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Embattled Blatter wins fifth term


Sepp Blatter said despite the growing scandal that he "cannot monitor everyone all of the time"

Sepp Blatter said despite the growing scandal that he "cannot monitor everyone all of the time"

Sepp Blatter said despite the growing scandal that he "cannot monitor everyone all of the time"

Under-fire Fifa president Sepp Blatter has been re-elected despite international pressure for him to step down after the federation was rocked by a £100 million corruption scandal.

He was re-elected after Prince Ali bin al-Hussein pulled out of the running in the second round of voting.

Prime Minister David Cameron joined calls for Mr Blatter to resign after 18 people were arrested as US and Swiss authorities launched investigations into kickbacks, bribes and "rampant corruption" dating back decades.

But the Swiss bureaucrat, 79, was determined to hang on to his position and he is set to stay at the helm of the world football governing body for another four years.

Mr Blatter thanked Prince Ali for standing down as a contender despite his "very good result."

He told the hall: "Thank you that you accepted me, that for the next four years I will be in command of this boat called Fifa, and we will bring it back, off shore, and back to the beach, we will bring it back, where finally football can be played, beach soccer can be played everywhere."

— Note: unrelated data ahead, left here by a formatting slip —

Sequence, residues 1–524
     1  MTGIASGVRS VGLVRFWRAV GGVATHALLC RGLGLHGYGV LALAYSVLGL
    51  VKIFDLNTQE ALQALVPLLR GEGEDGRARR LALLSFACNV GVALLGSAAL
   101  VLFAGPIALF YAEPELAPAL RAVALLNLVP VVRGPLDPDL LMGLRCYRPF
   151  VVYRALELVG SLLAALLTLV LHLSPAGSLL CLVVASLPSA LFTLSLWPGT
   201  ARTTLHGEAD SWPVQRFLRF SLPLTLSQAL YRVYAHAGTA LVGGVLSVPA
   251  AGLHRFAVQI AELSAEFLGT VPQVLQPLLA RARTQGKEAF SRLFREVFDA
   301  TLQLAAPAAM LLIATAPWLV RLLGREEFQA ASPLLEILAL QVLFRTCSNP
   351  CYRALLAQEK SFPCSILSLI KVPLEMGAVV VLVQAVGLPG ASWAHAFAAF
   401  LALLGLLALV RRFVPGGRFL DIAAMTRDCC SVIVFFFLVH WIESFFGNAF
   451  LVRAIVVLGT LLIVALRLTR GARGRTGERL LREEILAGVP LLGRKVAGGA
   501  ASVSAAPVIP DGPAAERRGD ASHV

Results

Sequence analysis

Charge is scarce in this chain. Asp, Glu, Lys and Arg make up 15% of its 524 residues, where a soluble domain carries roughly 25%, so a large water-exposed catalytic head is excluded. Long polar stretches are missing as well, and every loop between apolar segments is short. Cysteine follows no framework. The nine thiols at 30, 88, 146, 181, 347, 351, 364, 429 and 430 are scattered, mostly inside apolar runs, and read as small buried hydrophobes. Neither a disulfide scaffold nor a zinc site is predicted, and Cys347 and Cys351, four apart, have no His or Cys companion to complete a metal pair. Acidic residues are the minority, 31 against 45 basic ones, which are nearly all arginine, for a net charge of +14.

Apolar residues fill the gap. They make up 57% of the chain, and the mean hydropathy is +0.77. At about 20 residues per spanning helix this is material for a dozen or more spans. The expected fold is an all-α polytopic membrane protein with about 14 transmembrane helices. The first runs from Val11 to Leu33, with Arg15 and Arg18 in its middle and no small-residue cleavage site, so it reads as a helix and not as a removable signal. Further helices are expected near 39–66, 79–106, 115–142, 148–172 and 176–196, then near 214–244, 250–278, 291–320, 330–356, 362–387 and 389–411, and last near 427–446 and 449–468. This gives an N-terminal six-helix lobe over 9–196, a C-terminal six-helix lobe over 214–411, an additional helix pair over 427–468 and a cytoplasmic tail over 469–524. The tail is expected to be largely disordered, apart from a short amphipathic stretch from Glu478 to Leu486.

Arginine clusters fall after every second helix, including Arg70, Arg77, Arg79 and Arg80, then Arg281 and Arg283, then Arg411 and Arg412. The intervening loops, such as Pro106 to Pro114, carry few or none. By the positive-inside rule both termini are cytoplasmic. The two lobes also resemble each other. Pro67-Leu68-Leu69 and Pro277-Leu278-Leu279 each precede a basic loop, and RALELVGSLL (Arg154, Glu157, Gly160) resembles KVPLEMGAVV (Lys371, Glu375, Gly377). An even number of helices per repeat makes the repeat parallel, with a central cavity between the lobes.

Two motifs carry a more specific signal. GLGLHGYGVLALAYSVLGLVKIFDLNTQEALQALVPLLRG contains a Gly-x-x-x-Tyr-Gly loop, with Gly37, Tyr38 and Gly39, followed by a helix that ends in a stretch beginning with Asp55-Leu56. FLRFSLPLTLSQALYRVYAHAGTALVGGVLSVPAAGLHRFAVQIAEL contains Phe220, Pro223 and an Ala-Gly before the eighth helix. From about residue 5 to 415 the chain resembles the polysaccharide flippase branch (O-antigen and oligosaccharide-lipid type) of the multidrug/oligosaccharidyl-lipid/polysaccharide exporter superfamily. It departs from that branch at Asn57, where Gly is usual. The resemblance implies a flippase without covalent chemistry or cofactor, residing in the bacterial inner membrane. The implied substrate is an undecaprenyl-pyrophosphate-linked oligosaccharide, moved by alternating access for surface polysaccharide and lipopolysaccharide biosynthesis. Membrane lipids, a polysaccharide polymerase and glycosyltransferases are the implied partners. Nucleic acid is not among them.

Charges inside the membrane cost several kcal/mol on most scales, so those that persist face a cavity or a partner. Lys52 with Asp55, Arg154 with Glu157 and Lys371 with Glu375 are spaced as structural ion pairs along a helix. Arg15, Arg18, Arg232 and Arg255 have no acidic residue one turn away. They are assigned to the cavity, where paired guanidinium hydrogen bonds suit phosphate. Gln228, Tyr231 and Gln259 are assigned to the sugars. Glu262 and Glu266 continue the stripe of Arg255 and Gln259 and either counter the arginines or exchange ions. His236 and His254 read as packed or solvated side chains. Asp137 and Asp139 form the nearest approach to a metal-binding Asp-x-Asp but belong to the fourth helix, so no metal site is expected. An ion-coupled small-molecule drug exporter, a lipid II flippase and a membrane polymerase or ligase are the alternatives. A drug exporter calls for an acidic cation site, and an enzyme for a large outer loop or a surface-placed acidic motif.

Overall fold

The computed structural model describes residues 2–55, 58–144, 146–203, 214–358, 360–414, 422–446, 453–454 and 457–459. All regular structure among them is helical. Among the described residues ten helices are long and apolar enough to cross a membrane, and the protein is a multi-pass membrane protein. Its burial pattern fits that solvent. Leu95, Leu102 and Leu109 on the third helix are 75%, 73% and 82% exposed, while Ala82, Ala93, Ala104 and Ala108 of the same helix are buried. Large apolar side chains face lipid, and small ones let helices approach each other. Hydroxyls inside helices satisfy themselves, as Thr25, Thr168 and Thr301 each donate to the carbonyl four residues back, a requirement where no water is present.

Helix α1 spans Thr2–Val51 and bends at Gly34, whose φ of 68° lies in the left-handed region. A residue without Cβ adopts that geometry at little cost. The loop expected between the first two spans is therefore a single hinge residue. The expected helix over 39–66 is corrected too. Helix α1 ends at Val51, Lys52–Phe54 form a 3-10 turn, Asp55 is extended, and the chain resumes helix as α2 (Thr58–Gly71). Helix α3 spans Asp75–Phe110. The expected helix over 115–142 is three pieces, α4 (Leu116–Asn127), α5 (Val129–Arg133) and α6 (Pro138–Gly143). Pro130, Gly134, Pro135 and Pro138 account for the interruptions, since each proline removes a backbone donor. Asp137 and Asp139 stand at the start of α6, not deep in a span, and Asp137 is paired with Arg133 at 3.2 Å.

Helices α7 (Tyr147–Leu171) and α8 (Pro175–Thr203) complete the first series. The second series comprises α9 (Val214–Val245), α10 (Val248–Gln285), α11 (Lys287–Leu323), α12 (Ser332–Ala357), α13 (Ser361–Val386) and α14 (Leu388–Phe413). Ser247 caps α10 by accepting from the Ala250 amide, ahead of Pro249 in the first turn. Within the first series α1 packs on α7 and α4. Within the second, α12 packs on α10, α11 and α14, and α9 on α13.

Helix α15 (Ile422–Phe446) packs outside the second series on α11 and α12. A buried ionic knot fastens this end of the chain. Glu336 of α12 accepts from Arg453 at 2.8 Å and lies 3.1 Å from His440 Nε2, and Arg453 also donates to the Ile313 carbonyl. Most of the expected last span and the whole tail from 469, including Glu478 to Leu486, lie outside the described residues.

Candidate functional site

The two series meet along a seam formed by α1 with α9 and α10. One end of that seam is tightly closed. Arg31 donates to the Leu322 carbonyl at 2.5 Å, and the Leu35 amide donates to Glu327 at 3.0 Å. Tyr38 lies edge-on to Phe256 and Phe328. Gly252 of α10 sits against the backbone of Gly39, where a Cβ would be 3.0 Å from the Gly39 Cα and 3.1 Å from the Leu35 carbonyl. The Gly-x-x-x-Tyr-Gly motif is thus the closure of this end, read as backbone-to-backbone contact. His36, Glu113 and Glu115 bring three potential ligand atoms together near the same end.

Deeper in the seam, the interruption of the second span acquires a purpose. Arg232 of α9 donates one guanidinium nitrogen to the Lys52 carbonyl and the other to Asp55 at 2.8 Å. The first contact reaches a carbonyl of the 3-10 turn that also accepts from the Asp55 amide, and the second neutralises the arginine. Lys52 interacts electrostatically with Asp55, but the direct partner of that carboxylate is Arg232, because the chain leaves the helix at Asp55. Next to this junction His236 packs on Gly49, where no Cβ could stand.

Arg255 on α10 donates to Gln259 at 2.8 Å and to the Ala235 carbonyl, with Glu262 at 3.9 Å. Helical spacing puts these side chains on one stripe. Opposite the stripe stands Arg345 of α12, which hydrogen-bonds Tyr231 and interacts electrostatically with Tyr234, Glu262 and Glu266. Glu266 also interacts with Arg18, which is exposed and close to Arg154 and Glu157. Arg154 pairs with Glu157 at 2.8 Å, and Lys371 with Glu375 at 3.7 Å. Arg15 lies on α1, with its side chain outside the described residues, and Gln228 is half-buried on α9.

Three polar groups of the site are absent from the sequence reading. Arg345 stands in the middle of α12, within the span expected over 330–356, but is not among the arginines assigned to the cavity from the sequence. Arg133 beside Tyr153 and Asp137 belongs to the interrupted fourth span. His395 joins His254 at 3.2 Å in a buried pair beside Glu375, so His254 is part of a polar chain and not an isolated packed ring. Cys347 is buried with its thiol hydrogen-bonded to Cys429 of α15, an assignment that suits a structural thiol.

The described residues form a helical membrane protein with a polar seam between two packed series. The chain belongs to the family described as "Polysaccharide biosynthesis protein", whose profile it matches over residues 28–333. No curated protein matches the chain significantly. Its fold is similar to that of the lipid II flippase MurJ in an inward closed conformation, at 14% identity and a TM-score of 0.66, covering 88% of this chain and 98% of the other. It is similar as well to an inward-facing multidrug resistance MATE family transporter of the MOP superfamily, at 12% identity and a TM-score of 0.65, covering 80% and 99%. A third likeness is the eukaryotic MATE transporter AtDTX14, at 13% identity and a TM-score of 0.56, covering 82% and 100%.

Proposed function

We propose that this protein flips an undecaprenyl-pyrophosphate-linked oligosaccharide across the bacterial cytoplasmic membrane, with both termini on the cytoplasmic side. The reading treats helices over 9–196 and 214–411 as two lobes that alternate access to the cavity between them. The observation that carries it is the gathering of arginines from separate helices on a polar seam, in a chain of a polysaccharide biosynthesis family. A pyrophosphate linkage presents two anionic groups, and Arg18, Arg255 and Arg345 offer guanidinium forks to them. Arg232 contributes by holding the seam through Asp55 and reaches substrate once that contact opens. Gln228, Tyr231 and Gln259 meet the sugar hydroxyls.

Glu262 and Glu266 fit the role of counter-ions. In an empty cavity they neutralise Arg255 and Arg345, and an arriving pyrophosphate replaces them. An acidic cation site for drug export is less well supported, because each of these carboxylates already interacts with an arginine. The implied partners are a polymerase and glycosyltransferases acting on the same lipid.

He said there were organisational problems to solve at Fifa and changes to make in some competitions, but they would not touch the World Cup.

"I take the responsibility to bring back Fifa, we can do it, and I'm convinced we can do it."

He received a standing ovation at the end of a speech which he finished with: "Let's go Fifa! Let's go Fifa!"

Meanwhile, asked why he had withdrawn from the presidential race, Prince Ali said there were 73 national associations who had been "really brave" and he said: "I did it for them. I don't want them to be in any more trouble."

He said he hoped Fifa will realise that "football is for the world" and said he looks forward to a "bright future" for Fifa.

Mr Blatter led after the first round of voting by 133 votes to 73 but failed to get a two thirds majority to win outright.

There were 206 valid votes in the contest at the Fifa Congress in Zurich, which wa s being closely watched by the world.

Footballing leaders from around the globe were voting on whether to re-elect the beleaguered incumbent after the federation was rocked by a £100 million corruption scandal.

Mr Blatter faced mounting calls to step down after 18 people were arrested as the US and Swiss authorities both launched police probes into allegations of kickbacks, bribes and ''rampant'' corruption.

Prime Minister David Cameron joined the growing chorus calling for the Swiss bureaucrat to resign, telling reporters that ''frankly what we have seen is the ugly side of the beautiful game and he should go''.

But Mr Blatter was determined to hang on to his job, telling delegates to vote for him and let him ''shoulder'' the responsibility of fixing the scandal that has engulfed the organisation.

He said: ''We don't need revolutions, but we always need evolutions. Yesterday and the day before and even today I am being held accountable for the current storm.

''So be it, I will shoulder that responsibility, I will take it. I'll accept this responsibility and I want to fix Fifa together with you.